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Space hippies: cultural tolerance or preaching?

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posted on Apr, 13 2010 @ 04:10 AM
I simply love the following clip from the original Star Trek.
I wonder: are the "hippies" represented as "good", or does their "cult leader" lead them to a fake Eden?
They sure question authority, but to what effect?
Maybe it's meant to show how tolerant the "system" can be?

[edit on 13-4-2010 by halfoldman]

posted on Apr, 13 2010 @ 04:52 AM
reply to post by halfoldman

I must say, the hippies in the clip do have a strategy that even upsets Captain Kirk and Mr Spock.
They kinda know how to get to power.

posted on Apr, 13 2010 @ 08:37 AM
Not too get too serious but context of the times - we/society didn't know what to do with hippies then (probably not now either). What's telling is that many kids picked up some good "moral lessons" from Star Trek and Gene Roddenberry. Space Hippies was to my mind a lesson in the practical application of following a concept on faith. Truth lies at the end of the journey sometimes, and some of the best most noble intentions lead "nowhere". Delusional blind faith object lesson.

Great line: "I'm gonna crack my knuckles and jump for joy - I gotta clean bill of health from Dr. McCoy." Charles Napier as the "guitar slinger"


posted on Apr, 13 2010 @ 07:51 PM
Wow, it's been years since viewing this episode. When it originally aired, Star Trek did indeed go where no science fiction series had gone before....boldly taking on contemporary cultural issues, some controversial, in a way both cerebral/inquisitive (Spock-like) and emotional/playful (Kirk and the other humans of his crew).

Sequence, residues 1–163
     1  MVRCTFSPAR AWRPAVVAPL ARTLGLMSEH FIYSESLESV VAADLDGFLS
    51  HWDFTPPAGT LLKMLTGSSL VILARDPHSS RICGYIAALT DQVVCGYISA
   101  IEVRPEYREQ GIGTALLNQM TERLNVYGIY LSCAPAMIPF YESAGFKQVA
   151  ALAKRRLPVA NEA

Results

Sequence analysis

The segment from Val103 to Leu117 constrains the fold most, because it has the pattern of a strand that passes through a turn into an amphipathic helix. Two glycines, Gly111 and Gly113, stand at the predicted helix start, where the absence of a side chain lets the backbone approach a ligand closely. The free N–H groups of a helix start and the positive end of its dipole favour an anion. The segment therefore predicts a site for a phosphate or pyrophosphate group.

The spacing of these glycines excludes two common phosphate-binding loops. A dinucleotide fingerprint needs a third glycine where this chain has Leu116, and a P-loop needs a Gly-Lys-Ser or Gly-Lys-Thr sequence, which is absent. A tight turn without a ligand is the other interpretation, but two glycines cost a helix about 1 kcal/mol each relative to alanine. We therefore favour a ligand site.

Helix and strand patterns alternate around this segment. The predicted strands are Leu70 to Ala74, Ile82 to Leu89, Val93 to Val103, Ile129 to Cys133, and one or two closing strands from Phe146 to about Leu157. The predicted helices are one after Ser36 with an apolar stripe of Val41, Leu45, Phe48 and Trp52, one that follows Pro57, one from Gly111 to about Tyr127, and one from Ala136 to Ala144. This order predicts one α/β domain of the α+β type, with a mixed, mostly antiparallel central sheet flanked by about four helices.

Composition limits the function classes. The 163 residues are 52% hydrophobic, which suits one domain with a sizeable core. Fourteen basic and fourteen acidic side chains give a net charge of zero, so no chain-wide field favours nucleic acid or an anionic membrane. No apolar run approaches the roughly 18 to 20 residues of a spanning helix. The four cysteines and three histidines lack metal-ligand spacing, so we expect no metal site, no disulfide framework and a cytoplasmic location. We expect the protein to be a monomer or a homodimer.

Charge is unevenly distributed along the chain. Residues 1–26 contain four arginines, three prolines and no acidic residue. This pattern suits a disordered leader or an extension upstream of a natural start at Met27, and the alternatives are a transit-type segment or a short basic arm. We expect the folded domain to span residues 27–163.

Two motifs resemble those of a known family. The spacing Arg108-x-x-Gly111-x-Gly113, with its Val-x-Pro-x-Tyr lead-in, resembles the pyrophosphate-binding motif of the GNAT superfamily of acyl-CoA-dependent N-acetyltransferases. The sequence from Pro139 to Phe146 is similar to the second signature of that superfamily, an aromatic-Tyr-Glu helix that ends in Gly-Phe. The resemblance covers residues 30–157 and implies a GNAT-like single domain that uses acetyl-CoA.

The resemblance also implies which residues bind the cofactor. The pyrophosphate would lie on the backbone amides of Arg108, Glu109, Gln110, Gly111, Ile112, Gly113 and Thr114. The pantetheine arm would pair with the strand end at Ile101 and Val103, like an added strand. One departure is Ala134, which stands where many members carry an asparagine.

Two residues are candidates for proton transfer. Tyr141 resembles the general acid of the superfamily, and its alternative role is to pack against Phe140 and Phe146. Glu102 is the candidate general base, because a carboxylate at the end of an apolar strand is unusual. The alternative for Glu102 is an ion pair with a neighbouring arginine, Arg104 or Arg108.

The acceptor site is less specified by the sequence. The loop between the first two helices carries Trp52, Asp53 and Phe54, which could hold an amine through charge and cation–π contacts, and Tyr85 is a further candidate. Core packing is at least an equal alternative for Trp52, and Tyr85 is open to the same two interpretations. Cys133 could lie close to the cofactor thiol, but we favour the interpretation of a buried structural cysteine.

It was precisely this deeper thinking, cerebral nature of the show that ultimately was its downfall. Hey, when someone could forget the tumultuous world around them by being entertained with an astronaut and his genie, total laughter and buffoonery, why watch a show that made you THINK about the world around you?

I can remember this episode, being enchanted at first sight of the space hippies, but then, as the show progressed, you saw the darker side of the group. The leader had his own personal agenda, and the ultimate Utopian world they wanted to find turned out inhospitable and lethal.

Ultimately, though, the "hippies" were encouraged to continue in trying to find "Eden". Somewhere, somehow, sometime humanity must find a way to recreate itself. Just as the crew of the Enterprise would continue to go where no man had gone before.

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